Lithium (Li) metal electrodes are not deployable in rechargeable batteries because electrochemical plating and stripping invariably leads to growth of dendrites that reduce coulombic efficiency and eventually short the battery. It is generally accepted that the dendrite problem is exacerbated at high current densities. Here, we report a regime for dendrite evolution in which the reverse is true. In our experiments, we found that when the plating and stripping current density is raised above 9 milliamperes per square centimeter, there is substantial self-heating of the dendrites, which triggers extensive surface migration of Li. We show that repeated doses of high-current-density healing treatment enables the safe cycling of Li-sulfur batteries with high coulombic efficiency.
What are our memories made of? Plato suggested imagining a block of wax in our soul, where perceptions and thoughts leave impressions that we can remember as long as they have not been erased. This historic metaphor captures the transience of some memories and the stability of others, and it illustrates the brain's plasticity. The mechanisms of memory formation and retention remain a key question in neuroscience. Groundbreaking work on the rodent hippocampus (a network in the temporal lobe) revealed that certain neurons form transiently stable representations of places (1).
In science news around the world, South Sudan announces it has eliminated Guinea worm disease despite the civil war that is ravaging the country. Uber suspends its research on autonomous vehicles (AVs) after a pedestrian is struck by one of its AVs and dies; a person was sitting behind the AV's steering wheel, but the car was said to be in self-driving mode. The Intergovernmental Panel on Climate Change establishes a task force to consider ways to improve gender equity within the organization, such as recruiting more female scientists to serve as authors of its authoritative reports on climate science. U.K. researchers develop the first wearable magnetoencephalography brain scanner, which can detect the weak magnetic fields emitted by communicating neurons in real time, offering an alternative to large, bulky scanning machines that require research subjects to lie inside and remain still.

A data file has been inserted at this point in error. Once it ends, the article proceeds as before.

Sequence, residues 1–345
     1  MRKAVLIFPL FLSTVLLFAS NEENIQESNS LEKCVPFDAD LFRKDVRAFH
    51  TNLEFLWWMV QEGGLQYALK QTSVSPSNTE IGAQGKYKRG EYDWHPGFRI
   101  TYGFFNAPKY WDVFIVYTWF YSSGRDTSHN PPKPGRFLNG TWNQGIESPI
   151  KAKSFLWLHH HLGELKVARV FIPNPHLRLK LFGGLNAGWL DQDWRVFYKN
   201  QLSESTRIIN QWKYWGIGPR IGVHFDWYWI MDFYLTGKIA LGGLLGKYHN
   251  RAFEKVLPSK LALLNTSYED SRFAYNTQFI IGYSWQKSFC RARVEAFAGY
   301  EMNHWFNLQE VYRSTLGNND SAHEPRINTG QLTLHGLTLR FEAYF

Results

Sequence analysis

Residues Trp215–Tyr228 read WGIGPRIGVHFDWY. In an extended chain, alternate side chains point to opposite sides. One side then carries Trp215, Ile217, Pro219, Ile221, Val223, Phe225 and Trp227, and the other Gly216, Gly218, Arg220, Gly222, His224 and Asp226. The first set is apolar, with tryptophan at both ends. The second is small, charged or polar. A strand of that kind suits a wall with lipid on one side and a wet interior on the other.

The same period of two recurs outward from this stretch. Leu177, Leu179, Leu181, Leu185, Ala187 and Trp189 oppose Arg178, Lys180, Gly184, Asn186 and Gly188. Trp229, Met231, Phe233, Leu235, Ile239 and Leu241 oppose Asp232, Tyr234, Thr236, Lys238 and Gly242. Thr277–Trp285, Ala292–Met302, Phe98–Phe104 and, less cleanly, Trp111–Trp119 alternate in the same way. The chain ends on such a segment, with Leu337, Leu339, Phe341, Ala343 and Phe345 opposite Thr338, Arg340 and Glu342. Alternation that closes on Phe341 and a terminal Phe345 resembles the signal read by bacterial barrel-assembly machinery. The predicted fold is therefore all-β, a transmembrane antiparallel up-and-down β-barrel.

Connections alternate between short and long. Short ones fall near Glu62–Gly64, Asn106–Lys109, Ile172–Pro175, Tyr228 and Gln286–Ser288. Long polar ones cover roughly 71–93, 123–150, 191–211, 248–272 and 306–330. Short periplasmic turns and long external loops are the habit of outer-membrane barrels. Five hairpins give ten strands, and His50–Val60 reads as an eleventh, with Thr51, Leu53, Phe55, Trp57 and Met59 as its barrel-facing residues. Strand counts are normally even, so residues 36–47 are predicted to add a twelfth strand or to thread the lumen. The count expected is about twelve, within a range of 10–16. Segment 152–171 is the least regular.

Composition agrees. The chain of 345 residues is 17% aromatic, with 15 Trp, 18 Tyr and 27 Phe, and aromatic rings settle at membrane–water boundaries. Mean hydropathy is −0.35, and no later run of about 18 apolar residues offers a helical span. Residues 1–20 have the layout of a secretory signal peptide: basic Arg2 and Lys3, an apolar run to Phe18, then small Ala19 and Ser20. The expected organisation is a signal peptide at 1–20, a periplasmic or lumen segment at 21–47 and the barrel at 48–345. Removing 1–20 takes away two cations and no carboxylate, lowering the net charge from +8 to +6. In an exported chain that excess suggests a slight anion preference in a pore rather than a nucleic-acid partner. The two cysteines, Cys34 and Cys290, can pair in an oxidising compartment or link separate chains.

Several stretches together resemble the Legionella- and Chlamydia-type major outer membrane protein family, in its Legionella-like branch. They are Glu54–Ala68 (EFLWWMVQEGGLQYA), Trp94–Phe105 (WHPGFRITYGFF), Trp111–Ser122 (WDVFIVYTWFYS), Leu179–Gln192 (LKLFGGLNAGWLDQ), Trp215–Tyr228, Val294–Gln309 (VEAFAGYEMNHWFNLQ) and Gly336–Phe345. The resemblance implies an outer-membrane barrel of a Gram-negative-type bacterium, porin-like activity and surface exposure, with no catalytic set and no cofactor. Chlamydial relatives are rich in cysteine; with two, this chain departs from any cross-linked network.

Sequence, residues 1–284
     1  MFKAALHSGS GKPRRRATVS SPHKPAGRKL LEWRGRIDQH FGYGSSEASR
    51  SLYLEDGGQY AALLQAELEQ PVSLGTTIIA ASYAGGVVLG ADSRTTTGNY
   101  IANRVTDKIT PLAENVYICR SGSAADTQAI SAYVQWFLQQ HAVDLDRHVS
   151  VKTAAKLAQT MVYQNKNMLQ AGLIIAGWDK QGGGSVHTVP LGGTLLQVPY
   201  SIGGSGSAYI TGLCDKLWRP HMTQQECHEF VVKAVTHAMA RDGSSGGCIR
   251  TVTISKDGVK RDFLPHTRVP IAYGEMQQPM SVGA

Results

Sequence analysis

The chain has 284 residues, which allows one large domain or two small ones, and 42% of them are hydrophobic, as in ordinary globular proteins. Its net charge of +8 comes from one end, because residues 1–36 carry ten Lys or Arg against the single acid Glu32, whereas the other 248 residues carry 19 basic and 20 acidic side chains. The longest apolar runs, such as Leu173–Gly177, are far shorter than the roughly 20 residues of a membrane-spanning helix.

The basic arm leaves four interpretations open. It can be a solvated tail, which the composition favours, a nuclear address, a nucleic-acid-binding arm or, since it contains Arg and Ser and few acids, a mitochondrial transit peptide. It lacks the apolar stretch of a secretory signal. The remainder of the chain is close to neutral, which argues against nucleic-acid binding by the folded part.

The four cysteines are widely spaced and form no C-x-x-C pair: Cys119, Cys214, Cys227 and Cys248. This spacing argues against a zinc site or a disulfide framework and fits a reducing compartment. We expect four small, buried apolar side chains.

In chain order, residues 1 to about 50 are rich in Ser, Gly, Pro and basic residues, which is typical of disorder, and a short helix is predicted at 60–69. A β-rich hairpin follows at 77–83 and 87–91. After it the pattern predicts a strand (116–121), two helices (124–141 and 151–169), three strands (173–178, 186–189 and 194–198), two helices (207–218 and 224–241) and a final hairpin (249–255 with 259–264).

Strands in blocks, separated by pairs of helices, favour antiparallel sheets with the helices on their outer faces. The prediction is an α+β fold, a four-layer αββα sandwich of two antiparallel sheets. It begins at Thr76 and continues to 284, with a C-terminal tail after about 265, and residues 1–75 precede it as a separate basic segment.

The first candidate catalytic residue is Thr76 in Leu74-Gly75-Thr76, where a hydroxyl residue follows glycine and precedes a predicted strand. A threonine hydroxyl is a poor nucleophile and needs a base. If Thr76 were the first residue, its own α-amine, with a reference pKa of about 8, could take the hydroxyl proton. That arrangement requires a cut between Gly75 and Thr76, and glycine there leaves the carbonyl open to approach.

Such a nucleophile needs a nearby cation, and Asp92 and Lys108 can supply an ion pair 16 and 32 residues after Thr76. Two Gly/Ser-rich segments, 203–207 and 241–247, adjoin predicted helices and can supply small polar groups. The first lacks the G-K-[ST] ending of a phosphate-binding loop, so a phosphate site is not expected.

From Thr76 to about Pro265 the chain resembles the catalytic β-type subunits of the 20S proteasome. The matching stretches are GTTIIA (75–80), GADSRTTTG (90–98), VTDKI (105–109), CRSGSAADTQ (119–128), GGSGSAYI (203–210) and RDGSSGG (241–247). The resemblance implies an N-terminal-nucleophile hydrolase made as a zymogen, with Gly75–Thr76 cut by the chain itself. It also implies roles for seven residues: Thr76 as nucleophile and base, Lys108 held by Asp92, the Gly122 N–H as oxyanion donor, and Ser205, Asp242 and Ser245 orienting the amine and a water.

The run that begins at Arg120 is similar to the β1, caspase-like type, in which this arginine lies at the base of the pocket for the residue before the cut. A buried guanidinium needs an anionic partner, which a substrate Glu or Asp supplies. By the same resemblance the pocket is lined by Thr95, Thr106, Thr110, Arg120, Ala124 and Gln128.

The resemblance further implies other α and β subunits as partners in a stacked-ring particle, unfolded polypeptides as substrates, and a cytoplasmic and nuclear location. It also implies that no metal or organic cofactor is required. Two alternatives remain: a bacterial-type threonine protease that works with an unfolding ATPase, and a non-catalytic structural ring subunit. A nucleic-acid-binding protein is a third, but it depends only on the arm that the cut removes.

Helping students develop skills in both critical thinking and scientific reasoning is fundamental to science education. However, the relationship between these two constructs remains largely unknown. Dowd et al. examined this issue by investigating how students' critical thinking skills related to scientific reasoning in the context of undergraduate thesis writing. The authors used the BioTAP rubric to assess scientific reasoning and the California Critical Thinking Skills Test to assess critical thinking. Results support the role of inference in scientific reasoning in writing, while also revealing other aspects of scientific reasoning (epistemological considerations and writing conventions) not related to critical thinking.
In April, two semiautonomous drones, developed by Saildrone, a marine tech startup based in Alameda, California, in close collaboration with the National Oceanic and Atmospheric Administration in Washington, D.C., are set to return from an 8-month tour of the Pacific Ocean. This the first scientific test for the drones, which are powered only by the wind and sun, in the Pacific Ocean. The voyage is an important step in showing that such drones, carrying 15 different sensors, could help replace an aging and expensive array of buoys that are the main way scientists sniff out signs of climate-disrupting El Niño events. If successful, scientists envision fleets of similar drones spreading across the ocean, inviting thoughts of what it could be like to do oceanography without a ship.